Changes during treatment for the variables of both maxillary and mandibular components were similar among the three groups (Table 5), and improvements in the maxillomandibular relationship were observed. However, this change was more significant in the experimental groups and it is justified by the treatment performed. Conversely, although this improvement was less significant in the control group, it was due to craniofacial growth. The results prove that intraoral distalization appliances do not interfere in craniofacial growth and development.6,19,21

Assessment of the vertical skeletal variables in the initial stage, except for the lower anterior face height (LAFH), demonstrates that the measurements showed no statistically significant difference among groups. Changes happening as a result of treatment and growth were statistically similar for the three groups; however, they were numerically higher in the Jones jig group. The different changes for the Jones jig and control groups occurred due to the extrusion of first and second premolars during treatment, in other words, although not significant, extrusion of these teeth was slightly higher in the Jones jig group than in the control group (Table 5).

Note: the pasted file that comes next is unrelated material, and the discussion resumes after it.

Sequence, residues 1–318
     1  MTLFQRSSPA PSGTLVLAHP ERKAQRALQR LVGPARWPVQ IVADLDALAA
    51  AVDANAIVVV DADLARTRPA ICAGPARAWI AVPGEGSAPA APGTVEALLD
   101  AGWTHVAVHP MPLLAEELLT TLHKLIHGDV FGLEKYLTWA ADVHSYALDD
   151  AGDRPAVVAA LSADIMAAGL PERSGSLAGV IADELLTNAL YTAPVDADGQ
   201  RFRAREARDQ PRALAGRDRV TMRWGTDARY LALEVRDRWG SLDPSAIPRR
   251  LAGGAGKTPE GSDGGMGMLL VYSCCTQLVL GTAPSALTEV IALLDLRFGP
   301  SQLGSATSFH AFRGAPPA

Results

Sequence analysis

Results demonstrate that the three groups showed clockwise mandibular rotation, which confirms the downward displacement of the mandible, as observed during the post-distalization stage of several studies.3,6,7,8,10,21 Assuming that this change occurred as a result of maxillary premolars and molars extrusion due to loss of anchorage and the distalization effect, it is thought that during corrective treatment, correction of extrusions will occur and the rotation will be reversed as a consequence. However, according to Taner-Sarisoy and Darendeliler,23 most orthodontic mechanics, if not all, are extrusive and this extrusion increases the LAFH during treatment, keeping it increased during the retention period. Moreover, an increase in LAFH due to craniofacial growth and development is common.18 Therefore, it can be stated that mandibular rotation is related to changes in the distalization phase,3,8,21 the corrective orthodontic mechanics23 and craniofacial growth and development.18